The Problem With Trump’s Voter Fraud Claims Is That They’re Lies (Video)

On January 26, 2017, CNN reported that White House press secretary Sean Spicer announced that President Donald Trump would sign an executive order calling for a probe into alleged voter fraud either the following day or the next day. The news came a day after Donald Trump offered his solution in search of a problem via Twitter.

During a reception in the White House’s State Dining Room on January 23, President Donald Trump whined to the House and Senate leaders gathered that he would have won the popular vote if not for the three million to five million ballots cast by “illegals,” despite the fact that this claim has long since been debunked. He then related that he claimed that German-born golfer Bernhard Langer, a two-time U.S. Masters Tournament Champion, told him that he was refused permission to vote in the election, even though nearby, individuals described to lawmakers of being of Latin American heritage were allowed to cast ballots. Trump assumed that these people were not American citizens, and told the legislators that they were likely not legally allowed to vote.

The same day Spicer made the announcement regarding the voter fraud investigation, Langer released the following statement via GolfDigest.com:

“Unfortunately, the report in the New York Times and other news outlets was a mischaracterization by the media. The voting situation reported was not conveyed from me to President Trump, but rather was told to me by a friend. I then relayed the story in conversation with another friend, who shared it with a person with ties to the White House. From there, this was misconstrued. I am not a citizen of the United States, and cannot vote. It’s a privilege to live in the United States, and I am blessed to call America my home. I will have no further comment at this time.”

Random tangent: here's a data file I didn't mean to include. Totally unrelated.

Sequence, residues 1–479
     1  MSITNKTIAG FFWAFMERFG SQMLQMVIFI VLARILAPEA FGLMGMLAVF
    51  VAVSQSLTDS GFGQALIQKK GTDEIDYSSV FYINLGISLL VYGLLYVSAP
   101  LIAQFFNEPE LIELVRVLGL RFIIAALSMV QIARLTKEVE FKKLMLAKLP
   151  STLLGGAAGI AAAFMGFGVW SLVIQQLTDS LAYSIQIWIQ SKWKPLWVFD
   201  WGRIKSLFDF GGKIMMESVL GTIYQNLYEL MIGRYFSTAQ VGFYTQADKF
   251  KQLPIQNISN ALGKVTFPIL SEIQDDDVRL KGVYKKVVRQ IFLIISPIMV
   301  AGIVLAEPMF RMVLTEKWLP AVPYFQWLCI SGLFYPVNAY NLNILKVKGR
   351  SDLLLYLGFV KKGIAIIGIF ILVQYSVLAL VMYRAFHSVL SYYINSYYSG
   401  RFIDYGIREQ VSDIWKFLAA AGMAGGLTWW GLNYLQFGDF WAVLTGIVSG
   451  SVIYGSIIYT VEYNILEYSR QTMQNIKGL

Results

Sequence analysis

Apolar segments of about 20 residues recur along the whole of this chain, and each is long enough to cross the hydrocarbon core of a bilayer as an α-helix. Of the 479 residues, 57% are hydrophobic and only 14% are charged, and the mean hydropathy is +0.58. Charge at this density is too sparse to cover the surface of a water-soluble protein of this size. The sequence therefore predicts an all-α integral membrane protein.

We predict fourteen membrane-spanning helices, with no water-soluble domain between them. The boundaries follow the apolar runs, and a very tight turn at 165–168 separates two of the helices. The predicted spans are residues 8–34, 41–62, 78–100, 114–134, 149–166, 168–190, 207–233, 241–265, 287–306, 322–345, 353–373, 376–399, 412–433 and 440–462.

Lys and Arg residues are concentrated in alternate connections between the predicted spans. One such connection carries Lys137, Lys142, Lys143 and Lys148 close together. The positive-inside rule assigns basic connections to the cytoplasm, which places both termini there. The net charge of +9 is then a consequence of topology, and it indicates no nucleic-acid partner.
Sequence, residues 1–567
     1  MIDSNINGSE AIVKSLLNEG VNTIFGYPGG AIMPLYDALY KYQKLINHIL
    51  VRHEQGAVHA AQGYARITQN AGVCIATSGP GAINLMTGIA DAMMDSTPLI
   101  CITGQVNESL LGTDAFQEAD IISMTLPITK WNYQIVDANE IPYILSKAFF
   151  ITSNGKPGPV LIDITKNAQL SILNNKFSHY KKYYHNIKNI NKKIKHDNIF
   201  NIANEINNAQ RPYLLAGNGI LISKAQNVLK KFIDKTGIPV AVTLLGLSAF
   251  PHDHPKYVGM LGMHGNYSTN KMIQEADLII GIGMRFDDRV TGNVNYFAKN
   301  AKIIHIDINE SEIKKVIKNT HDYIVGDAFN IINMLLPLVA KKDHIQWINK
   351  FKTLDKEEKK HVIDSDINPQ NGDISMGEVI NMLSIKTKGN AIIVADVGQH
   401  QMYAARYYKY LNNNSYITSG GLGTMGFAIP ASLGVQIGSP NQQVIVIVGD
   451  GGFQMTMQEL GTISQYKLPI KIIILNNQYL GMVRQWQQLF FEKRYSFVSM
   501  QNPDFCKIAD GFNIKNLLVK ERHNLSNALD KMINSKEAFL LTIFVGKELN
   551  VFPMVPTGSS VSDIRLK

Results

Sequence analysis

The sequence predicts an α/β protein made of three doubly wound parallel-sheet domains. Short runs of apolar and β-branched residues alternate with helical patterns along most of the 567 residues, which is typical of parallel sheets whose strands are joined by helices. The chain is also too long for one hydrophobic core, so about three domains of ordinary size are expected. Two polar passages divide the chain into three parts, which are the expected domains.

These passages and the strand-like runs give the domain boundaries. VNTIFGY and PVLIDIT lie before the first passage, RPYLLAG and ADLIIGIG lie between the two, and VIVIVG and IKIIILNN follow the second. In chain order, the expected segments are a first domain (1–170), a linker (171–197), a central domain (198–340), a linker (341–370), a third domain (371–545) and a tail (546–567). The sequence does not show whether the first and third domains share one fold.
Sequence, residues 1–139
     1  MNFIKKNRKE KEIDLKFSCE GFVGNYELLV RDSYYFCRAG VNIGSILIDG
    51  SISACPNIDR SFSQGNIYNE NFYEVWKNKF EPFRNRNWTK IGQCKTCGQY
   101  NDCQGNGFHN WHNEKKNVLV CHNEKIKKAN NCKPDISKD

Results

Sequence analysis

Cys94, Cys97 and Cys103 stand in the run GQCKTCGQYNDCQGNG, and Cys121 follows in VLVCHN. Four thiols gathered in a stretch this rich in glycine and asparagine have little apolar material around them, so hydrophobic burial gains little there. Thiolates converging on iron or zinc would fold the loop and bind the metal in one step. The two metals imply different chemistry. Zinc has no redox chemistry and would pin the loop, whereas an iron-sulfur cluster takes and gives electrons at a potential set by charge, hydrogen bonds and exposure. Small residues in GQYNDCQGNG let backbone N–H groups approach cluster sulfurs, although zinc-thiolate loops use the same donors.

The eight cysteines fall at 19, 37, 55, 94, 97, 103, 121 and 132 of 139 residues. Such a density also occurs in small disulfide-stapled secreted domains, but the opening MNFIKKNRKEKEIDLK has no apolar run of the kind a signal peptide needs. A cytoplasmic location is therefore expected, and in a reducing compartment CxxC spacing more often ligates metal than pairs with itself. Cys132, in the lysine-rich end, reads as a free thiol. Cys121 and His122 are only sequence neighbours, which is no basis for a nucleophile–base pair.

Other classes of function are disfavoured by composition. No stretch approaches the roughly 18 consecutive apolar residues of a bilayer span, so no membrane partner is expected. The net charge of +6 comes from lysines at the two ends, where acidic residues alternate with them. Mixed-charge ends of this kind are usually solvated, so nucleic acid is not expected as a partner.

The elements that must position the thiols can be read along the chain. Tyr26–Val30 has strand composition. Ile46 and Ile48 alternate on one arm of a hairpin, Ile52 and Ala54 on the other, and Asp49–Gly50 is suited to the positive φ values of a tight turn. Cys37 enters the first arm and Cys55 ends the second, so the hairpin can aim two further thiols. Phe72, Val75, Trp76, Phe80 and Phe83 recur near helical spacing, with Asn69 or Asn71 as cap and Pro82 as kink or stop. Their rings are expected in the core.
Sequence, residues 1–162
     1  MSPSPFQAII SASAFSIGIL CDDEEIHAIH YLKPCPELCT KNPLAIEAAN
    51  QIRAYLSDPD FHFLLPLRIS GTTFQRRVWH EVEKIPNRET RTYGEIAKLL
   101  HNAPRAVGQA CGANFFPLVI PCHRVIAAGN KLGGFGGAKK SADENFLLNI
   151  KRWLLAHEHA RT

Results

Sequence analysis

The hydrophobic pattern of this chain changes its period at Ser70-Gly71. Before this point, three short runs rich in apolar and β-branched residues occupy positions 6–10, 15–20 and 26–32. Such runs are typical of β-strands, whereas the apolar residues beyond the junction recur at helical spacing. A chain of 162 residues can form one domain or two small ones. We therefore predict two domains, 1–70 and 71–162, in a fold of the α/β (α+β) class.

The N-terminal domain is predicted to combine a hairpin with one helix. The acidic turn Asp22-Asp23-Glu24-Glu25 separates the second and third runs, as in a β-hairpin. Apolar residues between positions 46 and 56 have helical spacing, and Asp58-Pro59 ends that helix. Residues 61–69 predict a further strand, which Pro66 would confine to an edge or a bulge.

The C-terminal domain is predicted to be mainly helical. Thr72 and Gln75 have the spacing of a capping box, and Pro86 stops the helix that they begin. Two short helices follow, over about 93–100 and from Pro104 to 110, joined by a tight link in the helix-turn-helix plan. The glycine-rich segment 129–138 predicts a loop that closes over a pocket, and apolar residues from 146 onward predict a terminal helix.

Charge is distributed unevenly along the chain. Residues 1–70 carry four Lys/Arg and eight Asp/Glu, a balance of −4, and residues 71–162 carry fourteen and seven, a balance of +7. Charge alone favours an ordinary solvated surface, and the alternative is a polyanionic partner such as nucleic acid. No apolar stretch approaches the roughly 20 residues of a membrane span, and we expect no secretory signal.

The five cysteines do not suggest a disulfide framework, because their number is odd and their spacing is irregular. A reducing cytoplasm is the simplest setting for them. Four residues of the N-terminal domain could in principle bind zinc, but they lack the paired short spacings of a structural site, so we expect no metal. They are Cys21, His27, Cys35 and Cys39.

During an interview with ABC News on January 25, President Trump, reiterated his claim of widespread voter fraud and his determination to launch an investigation.

“We’re going to launch an investigation to find out, and then the next time… and I will say this: of those votes cast, none of ’em come to me. None of ’em come to me. They would all be for the other side. None of ’em come to me. But when you look at the people that are registered — dead, illegal, and [living in] two states, in some cases maybe three states… uh, we have a lot to look into.”

Though Trump cast suspicion on voters registered in different states, such a status is permissible under federal law. However, it is certainly illegal to cast ballots in more than one state during a national election.

Ironically, immediately after Trump began to once again beat his treasured dead horse about voter fraud, it became public knowledge that many in his inner circle are registered to vote in two states. On January 25, 2017, The Guardian reported:

“[Chief Strategist and Senior Counselor] Stephen Bannon registered to vote in New York shortly before the presidential election last year, after the Guardian disclosed that he was registered to vote at a vacant house in Florida where his ex-wife had once lived.”

The next day, it was revealed that President Trump’s second youngest daughter Tiffany is registered to vote in both Pennsylvania and New York, that his son-in-law, Jared Kushner, who also serves as one of his Senior White House Advisors, holds voter registration in New York and New Jersey and that a CNN KFile review of paperwork obtained through open records requests in New York and California Trump’s nominee to head the Treasury department, Steven Mnuchin, is registered to vote in California and New York.

The irony is certainly not lost, especially considering that Ann Coulter, one of the right wing’s most shrill foghorns, hired her ex-boyfriend, FBI Special Agent Jim Fitzgerald, to protect her from being prosecuted by the Palm Beach County, Florida Sheriff for knowingly giving a false address on a voter registration form and deliberately voting at the wrong precinct.